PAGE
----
WARNING: The Rackspace Private Cloud offering is being updated, and this documentation is obsolete.
Table of Contents
OpenStack Object Storage (http://swift.openstack.org) is a highly available, distributed, consistent object/blob store. The OpenStack Object Storage Administration Manual includes a sample architecture diagram, which may be useful for you to refer to.
OpenStack Object Storage can be used standalone to provide services similar to Rackspace Cloud Files (http://www.rackspace.com/cloud/public/files/) for an organization.
OpenStack Object Storage integrates well with the compute layer and can be used as a backend for glance, providing an inexpensive, horizontally scalable store for all image and snapshot data. OpenStack Object Storage is not a block storage solution; block storage is provided by the Cinder project. It will not provide volumes that can be mounted by instances and does not directly provide disk space for the virtual machine instances in the cluster.
This document describes the process of installing and configuring a swift cluster for use inside of an existing Alamo cluster, including optional integration with glance.
Zones are a fundamental concept in OpenStack Object Storage. They are the primary means for an end user to isolate failure. OpenStack Object Storage creates three replicas of an object and distribute them across the cluster, attempting to keep each copy in a different zone. http://docs.openstack.org/developer/swift/overview_ring.html provides more information regarding the specifics of this algorithm.
Zones are arbitrarily assigned, and it is up to the administrator of the swift cluster to choose an isolation level and attempt to maintain the isolation level through appropriate zone assignment. The administrator ensures that each zone contains an equal number of nodes, and swift ensures that each object is distributed across three zones. In the event of a single zone failure, at most one replica would be lost, leaving two replicas available.
In small clusters (five nodes or fewer), each individual node counts as a single zone. Larger swift deployments may assign zone designations differently; for example, an entire cabinet of servers may be designated as a single zone to maintain replica availability if the cabinet becomes unavailable (for example, due to failure of the top of rack switches or a dedicated circuit). In very large deployments, such as service provider level deployments, each zone might have an entirely autonomous switching and power infrastructure, so that even the loss of a circuit or aggregator would result in the loss of a single replica at most.
The level of resilience is decided entirely by the administrator and requires the administrator to choose zone placement with car. Choosing zones properly makes maintenance easier; you can perform work on an entire zone without significantly impacting the operations of swift. Choosing zones poorly can make life very difficult.
For ease of maintenance on OpenStack Object Storage, Rackspace recommends that you set up at least five nodes. Each node will be assigned its own zone (for a total of five zones), which will give you host level redundancy. This allows you to take down a single zone for maintenance and still guarantee object availability in the event that another zone fails during your maintenance.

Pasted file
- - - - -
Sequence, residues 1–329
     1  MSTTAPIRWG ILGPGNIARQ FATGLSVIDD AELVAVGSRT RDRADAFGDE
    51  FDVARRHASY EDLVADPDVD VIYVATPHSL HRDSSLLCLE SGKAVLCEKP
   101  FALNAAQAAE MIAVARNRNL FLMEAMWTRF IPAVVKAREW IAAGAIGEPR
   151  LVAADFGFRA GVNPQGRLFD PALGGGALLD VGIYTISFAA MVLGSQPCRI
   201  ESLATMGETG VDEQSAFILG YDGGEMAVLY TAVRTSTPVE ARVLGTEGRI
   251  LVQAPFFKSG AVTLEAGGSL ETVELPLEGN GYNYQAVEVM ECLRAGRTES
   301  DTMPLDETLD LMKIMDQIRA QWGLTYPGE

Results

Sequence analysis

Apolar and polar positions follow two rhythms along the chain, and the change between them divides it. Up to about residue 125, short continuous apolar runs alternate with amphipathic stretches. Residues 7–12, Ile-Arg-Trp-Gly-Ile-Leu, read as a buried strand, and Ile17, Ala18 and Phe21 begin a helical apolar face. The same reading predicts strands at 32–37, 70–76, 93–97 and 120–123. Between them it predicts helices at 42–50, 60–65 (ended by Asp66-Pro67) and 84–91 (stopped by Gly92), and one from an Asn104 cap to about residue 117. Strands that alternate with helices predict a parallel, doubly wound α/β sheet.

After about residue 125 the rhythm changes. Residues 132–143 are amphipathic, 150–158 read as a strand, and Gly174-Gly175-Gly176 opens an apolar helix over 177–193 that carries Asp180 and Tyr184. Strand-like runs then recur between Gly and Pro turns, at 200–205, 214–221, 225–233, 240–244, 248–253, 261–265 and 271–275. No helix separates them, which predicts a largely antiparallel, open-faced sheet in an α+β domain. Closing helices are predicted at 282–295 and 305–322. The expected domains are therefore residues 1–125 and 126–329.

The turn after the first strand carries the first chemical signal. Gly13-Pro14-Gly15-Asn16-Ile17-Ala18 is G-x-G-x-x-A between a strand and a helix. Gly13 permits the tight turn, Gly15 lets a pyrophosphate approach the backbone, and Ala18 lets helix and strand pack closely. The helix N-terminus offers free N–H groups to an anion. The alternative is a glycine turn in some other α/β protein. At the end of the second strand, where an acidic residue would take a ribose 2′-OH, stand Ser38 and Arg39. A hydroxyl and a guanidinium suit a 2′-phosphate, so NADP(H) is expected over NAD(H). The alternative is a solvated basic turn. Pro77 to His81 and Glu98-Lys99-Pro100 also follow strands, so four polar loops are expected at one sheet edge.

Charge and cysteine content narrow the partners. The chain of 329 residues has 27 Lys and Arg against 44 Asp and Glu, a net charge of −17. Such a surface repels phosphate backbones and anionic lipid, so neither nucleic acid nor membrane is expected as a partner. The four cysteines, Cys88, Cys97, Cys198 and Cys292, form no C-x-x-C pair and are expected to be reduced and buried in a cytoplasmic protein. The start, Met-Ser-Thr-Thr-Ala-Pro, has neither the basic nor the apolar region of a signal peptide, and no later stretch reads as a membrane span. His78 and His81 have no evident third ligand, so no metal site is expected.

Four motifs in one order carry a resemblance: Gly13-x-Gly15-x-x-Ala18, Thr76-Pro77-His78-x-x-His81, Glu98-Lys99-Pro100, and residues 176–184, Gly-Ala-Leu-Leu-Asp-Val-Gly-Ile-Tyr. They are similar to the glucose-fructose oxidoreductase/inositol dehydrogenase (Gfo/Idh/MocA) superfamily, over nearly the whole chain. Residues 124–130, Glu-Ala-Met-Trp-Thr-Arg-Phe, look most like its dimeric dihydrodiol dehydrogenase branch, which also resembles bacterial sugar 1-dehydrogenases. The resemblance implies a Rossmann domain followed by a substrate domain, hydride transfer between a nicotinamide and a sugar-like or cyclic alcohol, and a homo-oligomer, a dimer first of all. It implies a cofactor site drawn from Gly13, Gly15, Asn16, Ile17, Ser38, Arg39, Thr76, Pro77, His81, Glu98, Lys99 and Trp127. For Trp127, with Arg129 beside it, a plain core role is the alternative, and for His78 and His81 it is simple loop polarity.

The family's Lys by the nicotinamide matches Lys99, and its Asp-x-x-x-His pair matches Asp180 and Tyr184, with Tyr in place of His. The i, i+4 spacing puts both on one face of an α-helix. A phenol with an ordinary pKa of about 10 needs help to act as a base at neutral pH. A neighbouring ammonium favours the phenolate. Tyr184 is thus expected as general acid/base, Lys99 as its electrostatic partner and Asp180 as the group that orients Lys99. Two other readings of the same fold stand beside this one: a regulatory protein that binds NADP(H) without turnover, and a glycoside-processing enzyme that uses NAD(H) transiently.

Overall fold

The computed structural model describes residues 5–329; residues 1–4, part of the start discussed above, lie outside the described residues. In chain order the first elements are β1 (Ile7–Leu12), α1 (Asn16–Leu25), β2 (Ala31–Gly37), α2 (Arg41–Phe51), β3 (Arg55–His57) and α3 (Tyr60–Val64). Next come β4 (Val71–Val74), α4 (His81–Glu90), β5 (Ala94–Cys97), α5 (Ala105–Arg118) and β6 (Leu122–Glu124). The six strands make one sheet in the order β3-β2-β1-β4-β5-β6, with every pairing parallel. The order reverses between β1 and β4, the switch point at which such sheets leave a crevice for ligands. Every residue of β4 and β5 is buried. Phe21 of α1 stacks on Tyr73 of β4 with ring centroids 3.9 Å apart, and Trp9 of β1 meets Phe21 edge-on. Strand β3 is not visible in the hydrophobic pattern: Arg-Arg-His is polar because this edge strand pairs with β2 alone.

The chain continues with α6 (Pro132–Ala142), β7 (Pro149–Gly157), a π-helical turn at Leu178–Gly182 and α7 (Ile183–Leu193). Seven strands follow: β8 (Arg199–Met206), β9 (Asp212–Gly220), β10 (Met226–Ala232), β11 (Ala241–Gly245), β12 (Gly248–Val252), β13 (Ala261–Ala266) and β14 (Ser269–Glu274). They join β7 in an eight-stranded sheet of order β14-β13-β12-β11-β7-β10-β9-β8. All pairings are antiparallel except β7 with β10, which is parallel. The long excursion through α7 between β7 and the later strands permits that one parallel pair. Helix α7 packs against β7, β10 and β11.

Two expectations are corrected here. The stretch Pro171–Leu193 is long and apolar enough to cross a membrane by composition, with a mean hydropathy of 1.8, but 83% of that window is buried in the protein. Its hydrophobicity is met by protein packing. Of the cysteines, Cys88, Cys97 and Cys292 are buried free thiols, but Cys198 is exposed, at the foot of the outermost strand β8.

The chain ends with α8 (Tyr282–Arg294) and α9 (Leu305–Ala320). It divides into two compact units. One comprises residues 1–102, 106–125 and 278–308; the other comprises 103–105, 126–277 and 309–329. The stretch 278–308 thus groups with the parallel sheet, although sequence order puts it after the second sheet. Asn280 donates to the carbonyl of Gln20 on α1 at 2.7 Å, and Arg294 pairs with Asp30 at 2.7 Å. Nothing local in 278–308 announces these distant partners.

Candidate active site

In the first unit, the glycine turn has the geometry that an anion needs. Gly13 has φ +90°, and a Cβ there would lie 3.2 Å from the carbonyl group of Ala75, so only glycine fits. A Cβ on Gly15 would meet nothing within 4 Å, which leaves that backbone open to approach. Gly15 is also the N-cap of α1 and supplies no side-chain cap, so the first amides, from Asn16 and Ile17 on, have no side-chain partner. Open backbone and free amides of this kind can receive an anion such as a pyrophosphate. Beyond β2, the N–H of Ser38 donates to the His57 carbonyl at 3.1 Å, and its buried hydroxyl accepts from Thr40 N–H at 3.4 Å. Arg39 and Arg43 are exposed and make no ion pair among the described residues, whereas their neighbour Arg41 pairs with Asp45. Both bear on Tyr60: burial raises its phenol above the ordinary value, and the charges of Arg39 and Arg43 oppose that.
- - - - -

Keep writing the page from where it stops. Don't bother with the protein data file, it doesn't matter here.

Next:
You could keep each server in its own cabinet to achieve cabinet level isolation, but you may wish to wait until your swift service is better established before developing cabinet-level isolation. OpenStack Object Storage is flexible; if you later decide to change the isolation level, you can take down one zone at a time and move them to appropriate new homes.
OpenStack Object Storage does not require RAID. In fact, most RAID configurations cause significant performance degradation. The main reason for using a RAID controller is the battery backed cache. It is very important for data integrity reasons that when the operating system confirms a write has been committed that the write has actually been committed to a persistent location. Most disks lie about hardware commits by default, instead writing to a faster write cache for performance reasons. In most cases, that write cache exists only in non-persistent memory. In the case of a loss of power, this data may never actually get committed to disk, resulting in discrepancies that the underlying filesystem must handle.
OpenStack Object Storage works best on the XFS file system, and this document assumes that the hardware being used is configured appropriately to be mounted with the
nobarriers option. For more information, refer to the XFS FAQ: http://xfs.org/index.php/XFS_FAQ
To get the most out of your hardware, it is essential that every disk used in OpenStack Object Storage is configured as a standalone, individual RAID 0 disk; in the case of 6 disks, you would have six RAID 0s or one JBOD. Some RAID controllers do not support JBOD or do not support battery backed cache with JBOD. To ensure the integrity of your data, you must ensure that the individual drive caches are disabled and the battery backed cache in your RAID card is configured and used. Failure to configure the controller properly in this case puts data at risk in the case of sudden loss of power.
You can also use hybrid drives or similar options for battery backed up cache configurations without a RAID controller.
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